Since I'm expecting the orientation sensor to give me a 3-point coordinate (Euler vector), it makes sense to simulate those inputs with a set of potentiometers. That way, I can focus on processing the inputs as the equivalent MIDI commands, and plugging the orientation sensor afterwards – I looked at the sensor's docs before making this assumption.



Simulating sensor readings


In order to simulate the sensor inputs that I'll eventually get from the BNO055 absolute orientation sensor, I plugged in 3 pots. Each one of these pots map to a X-Y-Z coordinate, eventually getting translated into a MIDI command/value.



I broke that task down into simple and incremental tests. I tackled one by one in the following order:


1. Extracting a note from a given scale by adjusting the potentiometer

2. Sending that note over MIDI every X milliseconds

3. Adding a pushbutton to trigger notes on and off every X milliseconds.

4. Select the notes to be played using the pot and pushbutton

5. Play as long as the pushbutton is pressed


This one made me realize that simply playing note-to-note and relying on glide or portamento time to bend the pitches for me gives a "stepped" transition between notes. Definitely have to add pitch bending, but MAYBE not, if the instrument allows it.


6. Adjusting velocity with pot #2.

7. Adjusting the volume while playing a note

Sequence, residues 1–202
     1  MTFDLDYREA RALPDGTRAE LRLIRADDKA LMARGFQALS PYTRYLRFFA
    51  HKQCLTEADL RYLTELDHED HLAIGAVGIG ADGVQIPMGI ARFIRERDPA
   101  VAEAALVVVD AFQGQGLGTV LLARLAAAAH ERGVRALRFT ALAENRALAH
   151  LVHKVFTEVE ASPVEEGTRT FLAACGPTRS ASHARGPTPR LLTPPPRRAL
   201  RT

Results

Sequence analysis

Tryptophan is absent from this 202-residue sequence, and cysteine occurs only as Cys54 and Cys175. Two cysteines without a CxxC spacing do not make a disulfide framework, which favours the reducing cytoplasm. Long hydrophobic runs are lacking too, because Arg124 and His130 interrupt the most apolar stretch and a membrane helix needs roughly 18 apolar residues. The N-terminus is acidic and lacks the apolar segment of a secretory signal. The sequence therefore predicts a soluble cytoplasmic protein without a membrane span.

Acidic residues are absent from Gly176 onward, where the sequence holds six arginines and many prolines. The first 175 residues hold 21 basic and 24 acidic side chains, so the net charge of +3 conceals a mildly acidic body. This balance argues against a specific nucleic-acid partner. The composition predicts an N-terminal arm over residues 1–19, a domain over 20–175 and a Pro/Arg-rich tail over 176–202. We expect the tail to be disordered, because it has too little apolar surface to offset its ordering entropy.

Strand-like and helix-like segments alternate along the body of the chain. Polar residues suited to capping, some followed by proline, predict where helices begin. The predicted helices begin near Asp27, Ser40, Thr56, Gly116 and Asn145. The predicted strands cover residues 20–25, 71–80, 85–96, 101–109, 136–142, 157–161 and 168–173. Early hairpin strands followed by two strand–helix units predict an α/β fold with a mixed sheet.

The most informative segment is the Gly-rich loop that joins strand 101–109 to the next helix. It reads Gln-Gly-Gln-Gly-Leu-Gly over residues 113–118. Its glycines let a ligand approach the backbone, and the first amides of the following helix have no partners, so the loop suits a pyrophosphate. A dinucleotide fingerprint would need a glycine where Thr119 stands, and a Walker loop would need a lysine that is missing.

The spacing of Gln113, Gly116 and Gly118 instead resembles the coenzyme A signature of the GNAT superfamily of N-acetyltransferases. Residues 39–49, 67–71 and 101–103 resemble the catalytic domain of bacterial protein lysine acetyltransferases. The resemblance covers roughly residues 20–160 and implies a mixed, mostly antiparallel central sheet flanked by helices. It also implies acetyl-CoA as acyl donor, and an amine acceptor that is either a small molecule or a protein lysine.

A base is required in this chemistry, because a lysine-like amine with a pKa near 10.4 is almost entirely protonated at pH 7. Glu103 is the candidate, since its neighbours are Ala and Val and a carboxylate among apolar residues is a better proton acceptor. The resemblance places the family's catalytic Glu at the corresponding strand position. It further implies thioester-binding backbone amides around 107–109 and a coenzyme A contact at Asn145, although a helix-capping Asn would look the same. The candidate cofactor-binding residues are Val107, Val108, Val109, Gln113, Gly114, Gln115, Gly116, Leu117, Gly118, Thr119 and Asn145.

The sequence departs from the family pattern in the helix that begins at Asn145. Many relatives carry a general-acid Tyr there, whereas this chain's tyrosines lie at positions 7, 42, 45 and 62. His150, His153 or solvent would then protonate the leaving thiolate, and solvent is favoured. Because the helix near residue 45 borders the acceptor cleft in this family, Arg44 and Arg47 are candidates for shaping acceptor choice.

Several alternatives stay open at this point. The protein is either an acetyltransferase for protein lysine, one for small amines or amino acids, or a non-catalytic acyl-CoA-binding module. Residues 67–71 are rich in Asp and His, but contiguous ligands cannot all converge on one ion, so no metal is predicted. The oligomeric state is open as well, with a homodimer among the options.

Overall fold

I learned that changing the velocity of a note while its being played is not possible. Some controllers have 'after-touch', but a simpler solution was to send a unassigned Control Change MIDI message (14) to change the channels volume, and the noteOn velocity is always 127 (the loudest possible).


8. Assign the third pot to an instrument effect

Used the low-pass filter cut-off frequency during the testing phase. It sounds pretty good.

Once all the simulation tests were finished and the instrument made some descent noises, it became time to start testing the actual interaction.



Interaction development


As stated before, the instruments interaction is composed by three main components:


1. Wrist rotation in the X-Y-Z axis.

2. Haptic feedback to the user.

3. On/off gesture.



Wrist rotation in X-Y-Z


First, hooked up the BNO055 to the Arduino board.




Tip #1: To properly include the sensors library, be sure to download the Adafruit BNO055 Sensor Library **and** Adafruit Unified Sensor Library.


Tip #2: (This one comes from Tim, a friend from ITP): If you are using the BNO055 from Tinkershpere (a store in NYC), change the I2C address on the object declaration, like so:

Adafruit_BNO055 bno = Adafruit_BNO055(55,0x29);

After plugging in and initializing the sensor, I took a dive into the results it gives.



The sensor data looks pretty accurate. The only issue I seem to be having is that the Y rotation values go from -90 to 90 two times, instead of -180 to 180. I did many experiments with different lower level APIs but it seems that my sensor is defective, or more possibly there is something about Euler's vectors I don't fully understand. Anyway, it's not a big deal since im not planning on doing full 360 rotations, but this needs further research.


The sensor is nice, but I need a way of calibrating the readings so that the users can set any position as home...



Angle ranges


The sensor seems to be giving me the following ranges for each axis:


X axis

0 - 360


Y axis

-90 to 90


Z axis

-180 to 180



I tied the BNO's data to a corresponding pot equivalent. Each value had to be mapped to their specific range, but once that was done, it was quite simple to let go of the pots altogether.



Haptic Feedback


It's time to let the user now that they are in a right spot in space.


My idea here is to perform a short vibration each time a change in pitch is achieved (only for X axis movements).